OPINION: How a Labour Government could advance peace in the Middle East

The latest Jewish News

Read this week’s digital edition

Click Here

OPINION: How a Labour Government could advance peace in the Middle East

LFI's Michael Rubin urges a Keir Starmer administration to bring together the international community to fund peacebuilding projects involving Israelis and Palestinians to underpin any future peace process

Israeli and Palestinian flags
Israeli and Palestinian flags

Amid the horror in Israel and Gaza over the past seven months, there have been few causes for hope and optimism.

While President Biden’s credible and constructive plan for the future is much needed, any new diplomatic effort to resolve the Israeli-Palestinian conflict is inevitably treated with caution given the failure of previous peace processes over the past three decades.

As LFI (Labour Friends of Israel) outlines in a new paper by John Lyndon published this week, it is therefore crucial to learn from what has worked successfully elsewhere.

The key lesson from Northern Ireland, Columbia and South Africa is the need to build a broader, deeper process which places grassroots, civic society peacebuilding at the core of a new strategy for Israeli-Palestinian peace.

In each of these instances, it had a vital impact on both the attitudes and political context which are the oxygen that real peace processes depend upon; proved critical for societal resilience; transformed the political incentives within conflicted societies, creating constituencies – and indeed leaders – who support peace and reconciliation; developed many of the ideas that leaders ultimately borrowed and presented as their own; and helped to create a counterweight to the spoilers that exist in every conflict.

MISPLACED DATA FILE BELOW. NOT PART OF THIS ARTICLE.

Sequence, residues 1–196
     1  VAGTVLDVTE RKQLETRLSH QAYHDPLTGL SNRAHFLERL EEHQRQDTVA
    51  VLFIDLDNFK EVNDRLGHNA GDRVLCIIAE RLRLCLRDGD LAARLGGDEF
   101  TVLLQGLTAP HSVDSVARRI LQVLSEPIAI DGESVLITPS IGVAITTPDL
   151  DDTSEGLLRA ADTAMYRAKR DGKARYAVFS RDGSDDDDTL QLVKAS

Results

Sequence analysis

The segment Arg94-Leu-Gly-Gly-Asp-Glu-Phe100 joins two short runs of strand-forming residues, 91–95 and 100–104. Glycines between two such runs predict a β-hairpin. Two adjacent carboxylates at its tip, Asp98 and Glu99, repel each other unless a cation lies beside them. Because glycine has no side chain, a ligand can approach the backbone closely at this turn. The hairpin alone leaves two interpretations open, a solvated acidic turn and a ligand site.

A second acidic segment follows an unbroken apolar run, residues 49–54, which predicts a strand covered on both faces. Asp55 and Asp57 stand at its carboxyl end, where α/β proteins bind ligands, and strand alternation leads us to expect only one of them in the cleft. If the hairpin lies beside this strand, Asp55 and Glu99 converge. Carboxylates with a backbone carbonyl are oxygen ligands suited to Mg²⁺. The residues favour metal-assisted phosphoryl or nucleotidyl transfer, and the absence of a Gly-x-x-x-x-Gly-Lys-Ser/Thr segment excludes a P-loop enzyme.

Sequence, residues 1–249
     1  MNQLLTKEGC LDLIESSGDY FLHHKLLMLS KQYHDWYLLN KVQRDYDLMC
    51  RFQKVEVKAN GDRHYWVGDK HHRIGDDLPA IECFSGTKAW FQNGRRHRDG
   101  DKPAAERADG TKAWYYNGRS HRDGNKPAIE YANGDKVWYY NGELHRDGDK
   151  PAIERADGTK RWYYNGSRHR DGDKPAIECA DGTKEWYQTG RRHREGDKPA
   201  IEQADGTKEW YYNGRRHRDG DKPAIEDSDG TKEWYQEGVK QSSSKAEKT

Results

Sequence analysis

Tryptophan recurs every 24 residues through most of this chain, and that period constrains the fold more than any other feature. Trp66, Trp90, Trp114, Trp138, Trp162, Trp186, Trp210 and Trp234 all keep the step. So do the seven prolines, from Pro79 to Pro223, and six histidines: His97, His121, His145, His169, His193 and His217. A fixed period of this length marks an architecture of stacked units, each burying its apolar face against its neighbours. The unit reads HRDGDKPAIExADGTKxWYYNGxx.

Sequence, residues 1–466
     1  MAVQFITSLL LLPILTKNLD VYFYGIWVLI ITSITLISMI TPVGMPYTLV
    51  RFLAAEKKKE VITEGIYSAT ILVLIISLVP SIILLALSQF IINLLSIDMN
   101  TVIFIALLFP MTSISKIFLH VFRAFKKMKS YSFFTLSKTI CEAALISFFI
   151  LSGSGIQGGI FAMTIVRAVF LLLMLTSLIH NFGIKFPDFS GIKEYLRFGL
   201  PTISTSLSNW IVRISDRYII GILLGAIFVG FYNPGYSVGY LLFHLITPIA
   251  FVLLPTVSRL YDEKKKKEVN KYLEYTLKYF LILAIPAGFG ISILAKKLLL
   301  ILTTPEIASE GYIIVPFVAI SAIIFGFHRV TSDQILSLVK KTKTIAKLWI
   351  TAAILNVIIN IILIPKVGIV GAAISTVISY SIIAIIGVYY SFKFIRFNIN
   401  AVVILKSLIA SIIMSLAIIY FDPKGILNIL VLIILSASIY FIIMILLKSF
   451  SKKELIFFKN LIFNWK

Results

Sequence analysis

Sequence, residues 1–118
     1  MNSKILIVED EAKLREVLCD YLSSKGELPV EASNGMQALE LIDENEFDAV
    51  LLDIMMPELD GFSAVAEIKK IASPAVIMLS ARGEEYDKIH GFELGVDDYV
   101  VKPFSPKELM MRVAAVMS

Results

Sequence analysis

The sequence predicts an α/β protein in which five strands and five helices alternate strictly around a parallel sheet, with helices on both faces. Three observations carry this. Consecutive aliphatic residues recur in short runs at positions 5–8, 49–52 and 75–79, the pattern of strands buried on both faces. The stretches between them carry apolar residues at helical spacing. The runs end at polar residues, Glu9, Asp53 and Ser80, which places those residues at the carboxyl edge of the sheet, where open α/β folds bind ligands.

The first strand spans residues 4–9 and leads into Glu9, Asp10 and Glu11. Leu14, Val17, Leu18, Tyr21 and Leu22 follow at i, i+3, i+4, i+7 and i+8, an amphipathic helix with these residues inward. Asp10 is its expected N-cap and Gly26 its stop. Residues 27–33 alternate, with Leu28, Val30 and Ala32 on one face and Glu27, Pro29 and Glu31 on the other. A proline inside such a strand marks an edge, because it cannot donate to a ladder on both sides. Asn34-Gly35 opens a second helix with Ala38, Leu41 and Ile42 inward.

Jonathan Powell, the UK’s chief negotiator, has rightly labelled the International Fund for Ireland “the great unsung” of the Good Friday Agreement. Established during the darkest days of The Troubles in the mid-1980s – over a decade before the 1998 agreement – the IFI began its work at a moment that elicited similar levels of pessimism and despair to that which we have seen in Israel and Palestine in recent years.

Through an unprecedented $1.5bn in direct funding and $2.4bn overall – a haul amassed from combining multiple donations from the US, the EU, UK and the Commonwealth – the IFI engaged in a sustained, long-term effort to build relationships, economic development, interdependencies and trust between unionists and nationalists.

Funding more than 6,000 peacebuilding projects, the IFI transformed the civic landscape. Participation in these programmes eventually became a rite of passage for young Catholics and Protestants.